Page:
LAWMAKERS ASK BPW TO DELAY HIGHWAY VOTE: A coalition of state lawmakers from Montgomery and Prince George’s counties is asking the Board of Public Works not to take action on a controversial transportation proposal to increase capacity on the Capital Beltway (I-495) and Interstate 270 at its May 8 meeting, because one member of the panel will be out of the country, Bruce DePuyt reports for Maryland Matters. Treasurer Nancy Kopp, who serves on the board with Gov. Larry Hogan and Comptroller Peter Franchot, will be in Japan with her husband, celebrating their 50th wedding anniversary next week.

WHO IS SPEAKER ADRIENNE JONES? Listening and consensus-building are two of Speaker Adrienne Jones’ trademarks, admirers say. Jones is no stranger to policy or politics, Josh Kurtz of Maryland Matters reports. She spent most of her adult life working for Baltimore County government, dealing with fair practices, community affairs and human resources. In her job, she spent a lot of time attending community meetings, but was never particularly politically active.

WINNERS, LOSERS IN RACE FOR SPEAKER: In an analysis for Maryland Matters, Josh Kurtz writes up his long list of winners and losers following the race for Speaker of the Maryland House of Delegates. At the top of the winners list is of course new Speaker Adrienne Jones. But Kurtz also cites Baltimore County Executive Johnny Olszewski and Comptroller Peter Franchot among those in the winners circle.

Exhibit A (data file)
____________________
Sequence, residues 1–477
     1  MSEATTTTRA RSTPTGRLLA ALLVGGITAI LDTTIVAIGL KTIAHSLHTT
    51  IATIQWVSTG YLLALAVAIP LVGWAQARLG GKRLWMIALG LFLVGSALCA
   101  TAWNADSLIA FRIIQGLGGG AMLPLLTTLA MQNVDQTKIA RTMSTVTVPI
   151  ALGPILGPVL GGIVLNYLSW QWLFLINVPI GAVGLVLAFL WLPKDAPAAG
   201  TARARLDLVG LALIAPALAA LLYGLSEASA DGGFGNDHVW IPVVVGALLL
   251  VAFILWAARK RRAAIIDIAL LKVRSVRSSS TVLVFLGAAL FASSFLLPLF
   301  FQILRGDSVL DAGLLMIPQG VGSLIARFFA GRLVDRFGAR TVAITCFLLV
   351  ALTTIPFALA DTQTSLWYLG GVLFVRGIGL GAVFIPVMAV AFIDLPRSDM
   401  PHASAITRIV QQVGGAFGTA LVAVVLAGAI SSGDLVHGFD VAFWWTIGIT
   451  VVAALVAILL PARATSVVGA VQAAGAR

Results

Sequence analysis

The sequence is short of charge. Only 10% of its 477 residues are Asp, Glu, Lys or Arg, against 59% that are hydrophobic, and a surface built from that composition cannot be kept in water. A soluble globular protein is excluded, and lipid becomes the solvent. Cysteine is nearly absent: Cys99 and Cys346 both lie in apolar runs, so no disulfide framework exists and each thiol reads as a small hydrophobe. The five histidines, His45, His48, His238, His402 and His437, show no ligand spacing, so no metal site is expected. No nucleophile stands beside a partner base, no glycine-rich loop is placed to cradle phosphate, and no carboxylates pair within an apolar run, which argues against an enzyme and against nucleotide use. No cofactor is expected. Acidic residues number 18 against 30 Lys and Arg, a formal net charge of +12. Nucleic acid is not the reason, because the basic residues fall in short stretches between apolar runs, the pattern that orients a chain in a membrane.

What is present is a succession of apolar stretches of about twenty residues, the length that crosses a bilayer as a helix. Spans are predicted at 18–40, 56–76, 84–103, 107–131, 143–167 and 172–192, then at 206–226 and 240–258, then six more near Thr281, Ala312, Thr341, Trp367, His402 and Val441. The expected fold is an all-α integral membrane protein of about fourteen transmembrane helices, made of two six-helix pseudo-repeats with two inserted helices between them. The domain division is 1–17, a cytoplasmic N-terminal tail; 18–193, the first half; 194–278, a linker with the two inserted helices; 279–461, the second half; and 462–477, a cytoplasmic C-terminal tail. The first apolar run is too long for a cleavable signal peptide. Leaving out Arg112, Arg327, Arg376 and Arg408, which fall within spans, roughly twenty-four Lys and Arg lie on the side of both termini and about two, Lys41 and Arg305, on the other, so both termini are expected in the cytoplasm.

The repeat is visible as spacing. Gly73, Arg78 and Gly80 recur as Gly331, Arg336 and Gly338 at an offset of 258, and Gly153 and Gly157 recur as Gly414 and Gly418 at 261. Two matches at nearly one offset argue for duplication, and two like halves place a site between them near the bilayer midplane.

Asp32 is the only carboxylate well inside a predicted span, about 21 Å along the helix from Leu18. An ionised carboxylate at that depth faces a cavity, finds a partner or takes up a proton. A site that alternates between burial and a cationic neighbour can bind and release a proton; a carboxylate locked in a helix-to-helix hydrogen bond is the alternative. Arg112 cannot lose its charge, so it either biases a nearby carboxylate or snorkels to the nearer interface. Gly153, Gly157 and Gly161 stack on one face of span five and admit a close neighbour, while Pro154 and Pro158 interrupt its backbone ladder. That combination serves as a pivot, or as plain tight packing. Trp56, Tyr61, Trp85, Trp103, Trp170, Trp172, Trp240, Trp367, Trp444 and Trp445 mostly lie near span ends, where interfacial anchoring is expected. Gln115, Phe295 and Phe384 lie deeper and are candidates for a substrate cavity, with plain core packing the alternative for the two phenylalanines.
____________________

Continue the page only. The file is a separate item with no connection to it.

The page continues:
‘COLUMBIA PROMISE’ ONLINE: The new Maryland Public TV documentary about the planning of Columbia, Md. and how it turned out is now available online.

EMERGE MARYLAND GETTING WOMEN IN OFFICE: Danielle Gaines of Maryland Matters reports on a Thursday night fundraiser for Emerge Maryland, the training program for Democratic women seeking elected office. The theme of the 2019 fundraiser was momentum, something the organization seems to have. Last November, 19 of 25 Emerge Maryland alumnae won their races; 11 were elected to the General Assembly – with a 12th on the way, in Annapolis Alderwoman Shaneka Henson, who has been nominated to fill the vacancy left in the House of Delegates after the death of the late Speaker Michael E. Busch (D).

OPINION: CHANGE PROCESS OF FILLING VACANCIES: In a column for the Annapolis Capital, Brian Griffiths opines that the writing was on the wall before the application process was completed. Shaneka Henson was going to be the new delegate from District 30A, replacing the late Mike Busch. The selection process was designed to minimize participation from Democrats living in District 30A. The only fair way to ensure voters have their voices heard when vacancies occur is to allow voters to make the choice. We need to have special elections to fill vacancies for state Senate and the House of Delegates.

APPEALS COURT UPHOLDS MO CO PESTICIDE BAN: A Maryland appeals court on Thursday overturned a lower court’s ruling that Montgomery County’s ban on the use of cosmetic pesticides on lawns conflicted with state law, clearing the way for the county to enforce what would be the first-ever ban by a major jurisdiction, Jennifer Barrios of the Post reports.